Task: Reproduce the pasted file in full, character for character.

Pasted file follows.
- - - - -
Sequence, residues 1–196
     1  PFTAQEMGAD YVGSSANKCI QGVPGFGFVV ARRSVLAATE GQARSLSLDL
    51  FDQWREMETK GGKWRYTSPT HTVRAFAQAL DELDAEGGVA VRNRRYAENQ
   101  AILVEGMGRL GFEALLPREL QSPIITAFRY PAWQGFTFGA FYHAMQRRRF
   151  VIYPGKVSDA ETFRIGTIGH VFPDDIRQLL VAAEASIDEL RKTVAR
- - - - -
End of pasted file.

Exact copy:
Sequence, residues 1–196
     1  PFTAQEMGAD YVGSSANKCI QGVPGFGFVV ARRSVLAATE GQARSLSLDL
    51  FDQWREMETK GGKWRYTSPT HTVRAFAQAL DELDAEGGVA VRNRRYAENQ
   101  AILVEGMGRL GFEALLPREL QSPIITAFRY PAWQGFTFGA FYHAMQRRRF
   151  VIYPGKVSDA ETFRIGTIGH VFPDDIRQLL VAAEASIDEL RKTVAR